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Delta Aquarid meteors peak around now

This week – during the dark hours before dawn on or near July 28, 2017 – the Delta Aquarid meteor shower should reach its peak. The Delta Aquarids are a long, rambling shower, which will stretch out for weeks beyond the peak. The peak itself isn’t very definite, but – if you want to watch around the peak – now is the time. With no moon to ruin the show in the best hours to watch – before dawn as seen from around the world – this week is a good time to watch for these rather faint meteors, which might number about 10 to 15 meteors per hour in a dark sky.

The most favorable viewing window begins about 1 a.m. (2 a.m. Daylight Saving Time) no matter where you are on Earth … through the onset of morning dawn. Although this shower is visible from both the Northern and Southern Hemispheres, it tends to favor the more southerly latitudes. North of the equator, it’s better seen in the tropical and subtropical regions rather than farther north. This shower will combine with the more-famous Perseid meteor shower, now rising to its peak, but whose peak in 2017 will be drowned in bright moonlight.

That’s why now is the time to watch meteors.

The Perseid meteor shower’s annual peak is around August 12 or 13. In 2017, the waning gibbous moon will interfere.

Optimize your summer-meteor-watching experience with EarthSky’s 2017 meteor guide

This week, a waxing crescent moon sets at early evening, providing for dark skies for the (nominal) peak nights of the Delta Aquarid shower. Once again, the best viewing window is during the wee hours before dawn.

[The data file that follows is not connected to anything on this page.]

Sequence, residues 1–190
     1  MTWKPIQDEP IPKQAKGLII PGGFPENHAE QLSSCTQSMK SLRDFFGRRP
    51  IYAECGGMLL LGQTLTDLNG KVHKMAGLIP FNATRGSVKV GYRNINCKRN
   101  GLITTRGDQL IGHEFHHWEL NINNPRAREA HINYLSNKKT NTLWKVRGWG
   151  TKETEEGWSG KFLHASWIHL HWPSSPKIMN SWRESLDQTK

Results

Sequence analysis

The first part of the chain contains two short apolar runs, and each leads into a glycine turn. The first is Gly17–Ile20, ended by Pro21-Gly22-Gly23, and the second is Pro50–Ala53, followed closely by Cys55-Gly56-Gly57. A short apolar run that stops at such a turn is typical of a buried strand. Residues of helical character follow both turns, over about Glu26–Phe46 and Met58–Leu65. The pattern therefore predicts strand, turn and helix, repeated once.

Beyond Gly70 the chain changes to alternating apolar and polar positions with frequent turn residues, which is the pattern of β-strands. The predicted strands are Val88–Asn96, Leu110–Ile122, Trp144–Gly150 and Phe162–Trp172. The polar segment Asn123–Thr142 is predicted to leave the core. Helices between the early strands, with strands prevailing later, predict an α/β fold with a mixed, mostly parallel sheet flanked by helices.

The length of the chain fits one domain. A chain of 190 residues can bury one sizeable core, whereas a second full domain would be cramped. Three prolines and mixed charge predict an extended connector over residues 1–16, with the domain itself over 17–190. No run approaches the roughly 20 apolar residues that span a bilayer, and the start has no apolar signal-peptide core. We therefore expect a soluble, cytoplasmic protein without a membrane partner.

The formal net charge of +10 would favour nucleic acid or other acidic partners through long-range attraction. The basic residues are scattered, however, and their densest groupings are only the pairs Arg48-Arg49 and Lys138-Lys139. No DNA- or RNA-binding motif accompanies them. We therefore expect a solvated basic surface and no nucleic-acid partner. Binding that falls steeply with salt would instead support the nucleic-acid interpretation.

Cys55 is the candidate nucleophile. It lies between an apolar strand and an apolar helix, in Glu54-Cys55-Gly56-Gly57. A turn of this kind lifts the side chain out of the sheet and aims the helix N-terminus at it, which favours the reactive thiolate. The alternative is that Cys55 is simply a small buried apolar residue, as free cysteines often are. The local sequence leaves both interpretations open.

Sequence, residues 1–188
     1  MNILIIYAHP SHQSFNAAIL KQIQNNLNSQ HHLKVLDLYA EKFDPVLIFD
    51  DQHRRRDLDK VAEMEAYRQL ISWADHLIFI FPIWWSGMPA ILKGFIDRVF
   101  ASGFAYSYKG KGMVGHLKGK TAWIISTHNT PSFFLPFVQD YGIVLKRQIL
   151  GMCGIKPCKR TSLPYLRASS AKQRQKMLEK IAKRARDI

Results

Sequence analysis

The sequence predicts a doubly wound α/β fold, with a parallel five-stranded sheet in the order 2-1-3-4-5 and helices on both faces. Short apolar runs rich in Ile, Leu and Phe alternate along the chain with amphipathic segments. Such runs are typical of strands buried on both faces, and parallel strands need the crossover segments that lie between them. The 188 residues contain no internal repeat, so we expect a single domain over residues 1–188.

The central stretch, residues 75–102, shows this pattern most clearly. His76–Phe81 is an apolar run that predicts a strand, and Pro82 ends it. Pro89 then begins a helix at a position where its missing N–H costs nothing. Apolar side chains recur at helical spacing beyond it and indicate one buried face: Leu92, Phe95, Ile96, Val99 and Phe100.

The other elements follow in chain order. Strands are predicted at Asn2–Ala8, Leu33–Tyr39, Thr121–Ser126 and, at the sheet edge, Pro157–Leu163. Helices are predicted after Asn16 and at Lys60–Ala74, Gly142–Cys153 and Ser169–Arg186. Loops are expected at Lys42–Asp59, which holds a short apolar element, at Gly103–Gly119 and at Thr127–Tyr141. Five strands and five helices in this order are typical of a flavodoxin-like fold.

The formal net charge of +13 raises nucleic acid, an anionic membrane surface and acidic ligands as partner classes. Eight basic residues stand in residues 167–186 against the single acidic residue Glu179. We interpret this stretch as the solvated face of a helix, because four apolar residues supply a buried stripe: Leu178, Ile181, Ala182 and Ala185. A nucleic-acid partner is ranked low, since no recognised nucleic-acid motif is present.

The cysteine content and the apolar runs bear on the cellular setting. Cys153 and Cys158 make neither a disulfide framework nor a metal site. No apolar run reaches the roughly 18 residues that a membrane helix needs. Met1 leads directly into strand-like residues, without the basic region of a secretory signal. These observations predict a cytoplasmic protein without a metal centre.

The waxing crescent moon is found in the western sky after sunset in late July 2017. It’ll sweep near Jupiter around July 27, 28 and 29. The moon sets in the evening, providing a dark sky before dawn this week for viewing the Delta Aquarid shower.

The Delta Aquarid shower is, at best, a modest shower. About five to ten percent of these relatively faint, medium-speed meteors leave persistent trains – glowing ionized gas trails that last a second or two after the meteor has passed.

This shower recurs annually in late July, because the Earth crosses the orbital path of Comet 96P/Machholz at this time of year. The stream of debris left behind by this comet smashes into the Earth’s upper atmosphere, to burn up in our sky as Delta Aquarid meteors.

If you trace the paths of the Delta Aquarid meteors backward, they all appear to radiate from a certain point in the starry heavens – near the star Delta Aquarii (Skat). This point is called the radiant of the Delta Aquarid meteor shower. As a rule of thumb, the higher the radiant point is in your sky, the more meteors that you’re likely to see. In late July, this star climbs highest up in the sky at roughly 2:30 a.m. (3:30 a.m. Daylight Saving Time).

Of course, you don’t have to find the radiant point of the Delta Aquarid shower to enjoy this shower. Radiating from near the star Skat, the meteors will streak every which way across the starry heavens. Just find an open view of the sky away from artificial lights, sprawl out comfortably on a reclining lawn chair, preferably between midnight and dawn, and watch.

Bottom line: Unless you live in the far northern part of the globe – where there is little or no nighttime at this time of year – the Delta Aquarid meteor shower can be seen from all around the world. The nominal peak is around July 27 or 28, in the dark hours before dawn. But the Delta Aquarids will still be going when the Perseids peak a couple of weeks from now. At that time, a bright waning gibbous moon will interfere with the show. So start your meteor-watching now!

EarthSky’s 2017 meteor guide.

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Skat: Radiant for Delta Aquarid meteors

Bruce McClure

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